The success of Cheil Sugar was not enough to satisfy Ho-Am however; he turned his attention to developing the woolen fabric industry as the major industry for the newly born nation. The economy sector was not pleased to hear such plans. Everyone thought that it was absolutely ridiculous to try to complete with a 400-year-old British tradition. Unruffled by the opposition, Ho-Am went about his ambitious plan to develop the finest production facilities in the world. He requested Mr. Kohei Hayashi, the technical director of “Great Japan Woolen Fabrics,” for help in developing a master plan, and applied to the government for a permit to build the essential woolen fabric production plant. The government insisted that the machinery be imported from a West German company, which it had already given approval to, so Ho-Am had to comply with that situation. The agreement was that Spinnbau Co. would provide 60 German technicians and that plant construction would take one year. With sufficient domestic experience already under his belt, Ho-Am felt that it would be possible to use domestic labor for assembly and construction of the plant and requested that only four German technicians be dispatched to the plant to help with the various production processes. Spinnbau Co. finally agreed with Ho-Am’s proposal on the condition that it would not be held responsible if the facility failed to produce.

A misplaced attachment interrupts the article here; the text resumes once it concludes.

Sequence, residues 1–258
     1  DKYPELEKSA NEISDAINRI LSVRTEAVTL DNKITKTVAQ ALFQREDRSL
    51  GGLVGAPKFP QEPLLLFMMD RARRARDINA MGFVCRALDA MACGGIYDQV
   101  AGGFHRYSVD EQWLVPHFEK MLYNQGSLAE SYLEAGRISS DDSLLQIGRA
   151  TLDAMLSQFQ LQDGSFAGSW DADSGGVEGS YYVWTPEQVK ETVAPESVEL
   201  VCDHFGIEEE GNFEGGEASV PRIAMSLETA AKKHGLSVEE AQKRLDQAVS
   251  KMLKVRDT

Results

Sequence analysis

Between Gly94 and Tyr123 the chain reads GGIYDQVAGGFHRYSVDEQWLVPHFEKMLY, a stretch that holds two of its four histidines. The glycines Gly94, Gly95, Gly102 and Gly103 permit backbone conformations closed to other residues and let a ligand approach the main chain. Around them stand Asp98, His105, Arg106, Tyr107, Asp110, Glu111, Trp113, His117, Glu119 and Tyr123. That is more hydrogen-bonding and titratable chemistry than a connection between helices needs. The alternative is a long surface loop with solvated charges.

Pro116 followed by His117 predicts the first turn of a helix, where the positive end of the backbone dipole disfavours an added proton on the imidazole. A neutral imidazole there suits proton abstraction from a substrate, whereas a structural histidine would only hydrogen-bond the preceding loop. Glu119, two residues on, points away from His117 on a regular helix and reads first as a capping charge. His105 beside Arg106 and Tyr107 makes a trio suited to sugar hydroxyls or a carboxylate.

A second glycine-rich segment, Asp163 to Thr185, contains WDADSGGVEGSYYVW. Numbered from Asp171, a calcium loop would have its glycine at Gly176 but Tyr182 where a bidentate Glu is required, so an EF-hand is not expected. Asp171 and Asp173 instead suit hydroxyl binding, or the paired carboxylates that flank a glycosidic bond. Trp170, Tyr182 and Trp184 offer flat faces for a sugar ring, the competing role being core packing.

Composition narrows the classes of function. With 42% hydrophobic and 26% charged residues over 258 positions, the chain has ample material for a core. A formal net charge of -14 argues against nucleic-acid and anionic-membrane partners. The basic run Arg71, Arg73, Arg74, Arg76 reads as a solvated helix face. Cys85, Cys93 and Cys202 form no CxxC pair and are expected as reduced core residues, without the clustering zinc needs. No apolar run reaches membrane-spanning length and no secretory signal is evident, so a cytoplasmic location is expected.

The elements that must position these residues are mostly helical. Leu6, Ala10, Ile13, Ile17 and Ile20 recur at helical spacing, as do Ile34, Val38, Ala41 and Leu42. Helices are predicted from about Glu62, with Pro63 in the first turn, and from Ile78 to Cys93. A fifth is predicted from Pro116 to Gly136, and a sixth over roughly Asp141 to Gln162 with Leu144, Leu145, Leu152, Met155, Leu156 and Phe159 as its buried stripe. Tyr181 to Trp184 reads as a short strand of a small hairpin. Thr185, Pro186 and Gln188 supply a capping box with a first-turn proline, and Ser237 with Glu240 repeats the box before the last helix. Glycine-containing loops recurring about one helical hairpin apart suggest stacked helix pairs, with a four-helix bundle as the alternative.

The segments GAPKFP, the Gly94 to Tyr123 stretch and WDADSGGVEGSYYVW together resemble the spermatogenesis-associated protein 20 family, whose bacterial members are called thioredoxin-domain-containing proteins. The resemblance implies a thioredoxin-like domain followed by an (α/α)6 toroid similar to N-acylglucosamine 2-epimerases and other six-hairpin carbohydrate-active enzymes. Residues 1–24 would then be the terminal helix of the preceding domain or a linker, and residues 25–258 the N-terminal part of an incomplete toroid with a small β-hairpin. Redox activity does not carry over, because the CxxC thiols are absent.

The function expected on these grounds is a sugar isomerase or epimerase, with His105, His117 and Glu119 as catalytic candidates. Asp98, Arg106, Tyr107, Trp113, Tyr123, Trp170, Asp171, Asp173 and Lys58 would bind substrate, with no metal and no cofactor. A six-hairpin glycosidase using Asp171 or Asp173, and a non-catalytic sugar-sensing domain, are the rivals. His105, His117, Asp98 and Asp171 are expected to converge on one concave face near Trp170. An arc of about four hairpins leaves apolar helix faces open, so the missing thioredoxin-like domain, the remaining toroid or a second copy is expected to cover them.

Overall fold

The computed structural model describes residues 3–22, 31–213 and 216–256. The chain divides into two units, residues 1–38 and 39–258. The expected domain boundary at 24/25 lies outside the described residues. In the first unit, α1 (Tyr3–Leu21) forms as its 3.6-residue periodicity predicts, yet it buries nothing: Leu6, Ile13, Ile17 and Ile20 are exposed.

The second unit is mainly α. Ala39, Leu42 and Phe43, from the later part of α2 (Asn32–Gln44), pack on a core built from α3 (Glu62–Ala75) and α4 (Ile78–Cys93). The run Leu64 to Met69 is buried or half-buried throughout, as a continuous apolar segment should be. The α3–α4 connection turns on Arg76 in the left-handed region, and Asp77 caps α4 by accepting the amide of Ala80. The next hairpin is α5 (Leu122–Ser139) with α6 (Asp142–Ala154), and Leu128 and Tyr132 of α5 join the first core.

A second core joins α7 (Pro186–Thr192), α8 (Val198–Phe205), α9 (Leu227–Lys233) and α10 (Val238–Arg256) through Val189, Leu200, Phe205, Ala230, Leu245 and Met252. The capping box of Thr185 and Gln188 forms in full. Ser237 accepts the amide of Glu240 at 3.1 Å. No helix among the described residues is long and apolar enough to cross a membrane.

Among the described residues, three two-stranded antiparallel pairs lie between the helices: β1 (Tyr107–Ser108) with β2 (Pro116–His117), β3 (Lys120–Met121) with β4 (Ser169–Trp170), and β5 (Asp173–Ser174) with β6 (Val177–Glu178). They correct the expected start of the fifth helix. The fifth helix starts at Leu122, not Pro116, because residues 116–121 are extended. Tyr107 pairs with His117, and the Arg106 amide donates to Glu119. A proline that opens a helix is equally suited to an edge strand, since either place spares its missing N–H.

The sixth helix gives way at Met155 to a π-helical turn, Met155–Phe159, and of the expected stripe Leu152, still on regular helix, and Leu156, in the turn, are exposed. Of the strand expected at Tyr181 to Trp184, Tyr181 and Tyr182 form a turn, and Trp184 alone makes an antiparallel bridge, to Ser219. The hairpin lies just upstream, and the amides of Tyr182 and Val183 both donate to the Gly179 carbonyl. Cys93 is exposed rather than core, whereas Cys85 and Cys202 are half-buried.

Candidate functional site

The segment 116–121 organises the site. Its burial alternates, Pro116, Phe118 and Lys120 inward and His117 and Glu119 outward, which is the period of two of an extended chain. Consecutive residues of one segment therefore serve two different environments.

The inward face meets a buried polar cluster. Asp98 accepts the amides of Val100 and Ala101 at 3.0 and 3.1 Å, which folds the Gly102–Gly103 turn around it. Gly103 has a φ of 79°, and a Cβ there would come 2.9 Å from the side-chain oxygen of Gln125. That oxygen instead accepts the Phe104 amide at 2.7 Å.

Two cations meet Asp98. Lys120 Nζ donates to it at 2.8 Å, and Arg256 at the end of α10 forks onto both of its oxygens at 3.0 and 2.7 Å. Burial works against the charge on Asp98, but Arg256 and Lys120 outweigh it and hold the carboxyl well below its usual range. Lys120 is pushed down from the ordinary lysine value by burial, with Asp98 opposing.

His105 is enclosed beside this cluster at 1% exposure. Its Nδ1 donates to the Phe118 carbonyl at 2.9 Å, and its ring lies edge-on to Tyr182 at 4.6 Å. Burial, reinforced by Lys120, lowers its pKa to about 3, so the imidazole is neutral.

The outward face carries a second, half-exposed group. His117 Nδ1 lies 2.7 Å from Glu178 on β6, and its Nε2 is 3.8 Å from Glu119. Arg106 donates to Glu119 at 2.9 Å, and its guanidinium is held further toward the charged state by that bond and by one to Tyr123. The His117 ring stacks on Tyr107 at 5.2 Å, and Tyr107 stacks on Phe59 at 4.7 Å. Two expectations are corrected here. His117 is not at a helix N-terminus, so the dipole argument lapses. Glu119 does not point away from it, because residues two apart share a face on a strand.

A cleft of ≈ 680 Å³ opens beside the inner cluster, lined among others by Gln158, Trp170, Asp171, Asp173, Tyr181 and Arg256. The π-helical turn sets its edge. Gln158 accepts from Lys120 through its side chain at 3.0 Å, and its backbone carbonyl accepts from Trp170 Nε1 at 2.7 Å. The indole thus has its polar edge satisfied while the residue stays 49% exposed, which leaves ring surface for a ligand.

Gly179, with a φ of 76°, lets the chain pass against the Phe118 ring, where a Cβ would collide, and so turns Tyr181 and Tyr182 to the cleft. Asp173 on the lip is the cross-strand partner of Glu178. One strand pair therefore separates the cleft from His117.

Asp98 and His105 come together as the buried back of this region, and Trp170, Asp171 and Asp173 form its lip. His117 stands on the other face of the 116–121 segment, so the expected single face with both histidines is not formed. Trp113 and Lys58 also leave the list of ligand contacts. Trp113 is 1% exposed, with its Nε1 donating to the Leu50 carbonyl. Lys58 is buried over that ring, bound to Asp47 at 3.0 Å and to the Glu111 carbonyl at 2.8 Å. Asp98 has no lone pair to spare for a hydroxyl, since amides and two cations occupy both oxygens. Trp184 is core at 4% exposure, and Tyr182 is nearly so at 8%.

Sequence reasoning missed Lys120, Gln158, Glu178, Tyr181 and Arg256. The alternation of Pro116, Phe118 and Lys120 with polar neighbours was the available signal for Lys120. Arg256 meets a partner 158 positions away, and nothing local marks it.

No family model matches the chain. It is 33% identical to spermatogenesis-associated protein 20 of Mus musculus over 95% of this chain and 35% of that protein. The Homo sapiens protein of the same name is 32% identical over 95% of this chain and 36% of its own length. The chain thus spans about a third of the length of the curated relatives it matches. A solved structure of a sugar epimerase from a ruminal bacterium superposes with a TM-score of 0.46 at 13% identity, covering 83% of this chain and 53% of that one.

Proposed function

First, carding facility was finished a full six months ahead of schedule, and on May 2, 1956, after final inspections, the whole plant began operations. Of course there were problems with the initial products but Ho-Am was resolved to promote continued rapid development and optimization until the plant’s products could match those of the British. Because of the deeply imbedded mistrust of Korean products, the fabric was sold at unreasonably low prices, but with continued efforts to improve quality, the company steadily built a solid reputation. On October 26, 1957, Korean President Syng Man Rhee visited the Cheil Textiles production plant, and praised it as a truly patriotic endeavor, writing in calligraphy “uip’ichangsaeng,” or “clothing as a new means to make a (national) living.”
At the time, Korea was also totally dependent on imports of fertilizer, and a full 40% of foreign aid was going to the procurement of this. Ho-Am saw this situation as another important one to resolve for national economic growth, and thus turned his attention to the task of achieving total domestic production and supply. The turmoil from the ouster of Korean President Rhee and the military takeover by General Chung-Hee Park brought the fertilizer project to a standstill, but then President Chung-Hee Park suggested to Ho-Am to build the fertilizer plant, promising full government support for the project. Ho-Am in turn agreed so long as the government promised not to change its policy at a later day and so long as the government left it entirely up to Samsung to take care of all domestic and foreign dealings necessary for the completion of the project. President Park agreed.